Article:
Latest update: In November, Figure Eight Island homeowners rejected funding a proposed terminal groin at the north end of the island near Rich Inlet, adding another roadblock to the Figure Eight Island Homeowners’ Association plan for a terminal groin. This proposed terminal groin was already in jeopardy, as several homeowners stated they would not grant easements for the structure to be built on their properties.
Rich Inlet is one of the last naturally functioning inlets in North Carolina, and it serves as a place of recreation for many and as habitat for various shorebirds, sea turtles, fish and dolphins. But in 2011, the North Carolina General Assembly passed a law that allowed five terminal groins to be built along the North Carolina coast. The Figure Eight Island Homeowners’ Association applied for a permit shortly after the law passed, and the inlet and surrounding beach were put at risk.
Federation staff launched the Save Rich Inlet campaign in 2011 to educate residents about why a terminal groin — which would cost taxpayers an initial $7.3 million for construction and $23.5 million to upwards of $50 million over a 30-year period for maintenance and beach fill — was unnecessary for the area. The proposed site for the terminal groin has been accreting sand in recent years. Furthermore, terminal groins can cause unintended erosion down the beach from its location.
In addition to the habitat and access the terminal groin would affect — as well as the high cost of the project — several property owners do not want the terminal groin to be built on their property. The federation, through the SELC in 2016, contended that the Army Corps of Engineers and the HOA could not move forward with the project. More than a dozen homeowners said they would not grant easements for the terminal groin construction, and as a result, the Corps of Engineers should not have granted the HOA a permit. The HOA cannot apply for a state Coastal Area Management Act permit without the easements.
Shortly after the federation submitted its letter, the results came in from the special assessment vote. Federation staff members are monitoring the situation and waiting to see if the HOA will withdraw its application.
What’s At Stake
Damage & erosion: A terminal groin may result in damage and erosion on adjacent islands and estuaries further down-drift from the groin. Rich Inlet is one of the most stable inlets in the state and has remained in the same general location for the past 100 years.
Critical habitat: The proposed hardened structure along this natural beach and inlet system threatens to destroy critical habitat for fish, birds and sea turtles.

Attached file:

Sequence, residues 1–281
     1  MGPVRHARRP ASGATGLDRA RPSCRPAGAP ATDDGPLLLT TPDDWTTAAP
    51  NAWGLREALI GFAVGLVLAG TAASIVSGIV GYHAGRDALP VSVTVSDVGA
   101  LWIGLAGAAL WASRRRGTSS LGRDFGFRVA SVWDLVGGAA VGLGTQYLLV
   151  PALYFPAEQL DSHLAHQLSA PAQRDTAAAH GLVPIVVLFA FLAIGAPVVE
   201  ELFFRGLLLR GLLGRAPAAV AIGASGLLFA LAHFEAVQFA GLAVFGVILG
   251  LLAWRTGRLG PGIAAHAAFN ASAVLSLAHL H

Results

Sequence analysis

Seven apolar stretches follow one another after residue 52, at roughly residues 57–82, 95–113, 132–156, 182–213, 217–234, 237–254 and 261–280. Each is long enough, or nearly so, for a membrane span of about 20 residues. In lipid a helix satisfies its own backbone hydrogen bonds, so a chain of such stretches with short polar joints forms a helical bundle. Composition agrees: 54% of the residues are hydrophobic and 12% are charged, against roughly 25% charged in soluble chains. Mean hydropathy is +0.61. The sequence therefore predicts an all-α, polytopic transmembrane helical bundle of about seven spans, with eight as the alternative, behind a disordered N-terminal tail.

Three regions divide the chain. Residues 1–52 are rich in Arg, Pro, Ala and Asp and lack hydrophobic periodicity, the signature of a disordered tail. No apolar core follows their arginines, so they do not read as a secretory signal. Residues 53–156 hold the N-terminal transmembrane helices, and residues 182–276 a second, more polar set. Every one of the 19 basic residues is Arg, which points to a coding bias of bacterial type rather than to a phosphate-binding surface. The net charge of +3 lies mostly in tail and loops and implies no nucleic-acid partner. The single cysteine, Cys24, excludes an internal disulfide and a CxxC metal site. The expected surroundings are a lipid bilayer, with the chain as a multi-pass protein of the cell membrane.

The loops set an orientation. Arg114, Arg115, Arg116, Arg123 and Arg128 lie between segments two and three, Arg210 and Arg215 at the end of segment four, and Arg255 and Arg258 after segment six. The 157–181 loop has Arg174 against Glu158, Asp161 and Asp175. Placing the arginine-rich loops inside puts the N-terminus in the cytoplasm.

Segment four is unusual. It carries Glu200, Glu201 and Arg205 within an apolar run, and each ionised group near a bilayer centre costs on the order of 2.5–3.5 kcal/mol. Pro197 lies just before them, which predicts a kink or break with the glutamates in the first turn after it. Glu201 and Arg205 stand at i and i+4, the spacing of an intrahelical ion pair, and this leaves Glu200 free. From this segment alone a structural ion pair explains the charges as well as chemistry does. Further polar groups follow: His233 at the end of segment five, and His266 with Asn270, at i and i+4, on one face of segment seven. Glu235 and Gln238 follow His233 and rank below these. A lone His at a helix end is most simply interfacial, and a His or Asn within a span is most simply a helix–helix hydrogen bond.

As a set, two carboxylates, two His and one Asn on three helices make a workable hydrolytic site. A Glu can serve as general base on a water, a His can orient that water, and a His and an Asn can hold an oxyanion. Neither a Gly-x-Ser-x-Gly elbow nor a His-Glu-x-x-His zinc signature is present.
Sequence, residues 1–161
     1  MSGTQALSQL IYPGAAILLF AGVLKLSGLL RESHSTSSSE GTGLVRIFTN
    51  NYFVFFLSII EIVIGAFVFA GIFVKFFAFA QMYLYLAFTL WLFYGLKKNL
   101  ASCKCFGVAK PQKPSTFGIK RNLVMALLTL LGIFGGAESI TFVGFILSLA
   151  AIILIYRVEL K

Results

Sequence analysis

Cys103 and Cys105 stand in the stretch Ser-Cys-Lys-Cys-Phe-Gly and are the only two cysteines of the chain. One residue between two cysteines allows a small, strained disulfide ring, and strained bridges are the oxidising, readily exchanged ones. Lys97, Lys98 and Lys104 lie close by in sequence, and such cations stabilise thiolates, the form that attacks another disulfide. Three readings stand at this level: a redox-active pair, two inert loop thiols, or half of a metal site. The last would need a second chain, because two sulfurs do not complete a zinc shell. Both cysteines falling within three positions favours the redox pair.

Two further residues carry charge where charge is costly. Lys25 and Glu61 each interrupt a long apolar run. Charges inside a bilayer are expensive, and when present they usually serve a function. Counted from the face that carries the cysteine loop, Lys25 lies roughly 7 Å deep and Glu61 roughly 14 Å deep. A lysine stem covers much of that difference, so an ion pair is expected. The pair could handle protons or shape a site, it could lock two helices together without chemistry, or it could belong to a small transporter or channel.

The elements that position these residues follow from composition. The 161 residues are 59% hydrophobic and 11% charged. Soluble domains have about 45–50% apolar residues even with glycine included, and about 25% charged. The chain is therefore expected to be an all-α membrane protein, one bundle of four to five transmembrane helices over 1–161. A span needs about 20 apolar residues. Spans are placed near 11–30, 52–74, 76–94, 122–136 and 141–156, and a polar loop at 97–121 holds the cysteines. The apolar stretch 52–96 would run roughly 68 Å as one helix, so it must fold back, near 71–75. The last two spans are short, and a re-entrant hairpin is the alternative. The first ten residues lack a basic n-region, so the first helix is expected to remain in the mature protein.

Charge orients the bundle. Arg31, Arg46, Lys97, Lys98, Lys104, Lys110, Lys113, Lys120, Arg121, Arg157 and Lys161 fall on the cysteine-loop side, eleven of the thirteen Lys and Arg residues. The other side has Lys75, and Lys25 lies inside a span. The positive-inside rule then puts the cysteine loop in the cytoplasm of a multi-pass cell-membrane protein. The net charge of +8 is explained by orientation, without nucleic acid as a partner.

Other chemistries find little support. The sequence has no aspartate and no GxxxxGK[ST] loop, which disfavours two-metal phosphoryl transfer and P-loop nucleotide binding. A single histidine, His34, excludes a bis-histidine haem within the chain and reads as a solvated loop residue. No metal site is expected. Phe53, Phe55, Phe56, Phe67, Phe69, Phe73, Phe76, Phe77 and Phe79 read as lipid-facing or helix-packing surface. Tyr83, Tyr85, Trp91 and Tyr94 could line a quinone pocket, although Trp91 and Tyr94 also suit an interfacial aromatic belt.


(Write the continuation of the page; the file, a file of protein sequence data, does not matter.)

Public access & recreation: A terminal groin at Rich Inlet would eliminate treasured public beach areas used by thousands of people every year for fishing, boating and swimming.
Comment letters & fact sheets from the campaign:
- Rich Inlet Fact Sheet
- Read the comment letter requesting that the Army Corps of Engineers return the permit application submitted by the Figure Eight Homeowners Association (September 2016).
- Read the comment letter on the final EIS from the federation (August 2016).
- Read the comment letter on the final EIS from the Southern Environmental Law Center (August 2016).
- Read the comment letter on the final EIS from Audubon North Carolina (August 2016).
- Read the comment letter on the final EIS from the Office of Environmental Compliance and Policy in the U.S. Department of Interior (August 2016).
- Read the comment letter on the final EIS from the U.S. Fish and Wildlife Service (July 2016).
- Read the comment letter on the supplemental EIS from the Southern Environmental Law Center (September 2015).
- Read the comment letter on the supplemental environmental impact statement (EIS) from the North Carolina Coastal Federation (September 2015).
- Read the comment letter on the supplemental EIS from Audubon North Carolina (September 2015).
- Documents from the Army Corps of Engineers, including the final EIS, comments on the final EIS and draft EIS and public notices.
For more background information, check out these articles:
- Work continues on Rich Inlet biological study
- Figure Eight Island homeowners reject proposed terminal groin
- Figure Eight Island terminal groin application is incomplete, inaccurate
- Federation submits comments on proposed Rich Inlet terminal groin
- Public comment period open for proposed Figure Eight Island terminal groin
- Migratory birds use North Carolina inlets as rest stops
- Save Rich Inlet public forum, Saturday, March 5
- Hearing set on Figure Eight terminal groin study
- Groin study is badly flawed
What exactly is a terminal groin?
A terminal groin is a rock, concrete, stone or metal structure built on the side of an inlet at the end (terminus) of an island, perpendicular to the coast.
How does a groin work?
Groins trap some sand by blocking the current as it moves along the beach. Once about two or three hundred yards of sand is trapped, sand can move around the groin depending on the groin length, size and inlet geology. Groins do not prevent sand from entering inlets and channels, and are not designed to help with navigation.
Are groins and jetties the same?
No. Jetties are longer than groins and they are built for navigation purposes. Groins are built to try to keep a barrier island in place and to try to prevent erosion of beaches.
Will a terminal groin protect the island from hurricanes?
No. Groins are not meant to protect the island or the structures on it from hurricanes. In fact, they are as susceptible to hurricanes as any other structure on the island. They could cause unpredictable erosion damage because they can channel floodwaters in unnatural ways.
Spread the word
Share alerts and information about the need to save Rich Inlet on social media. #saverichinlet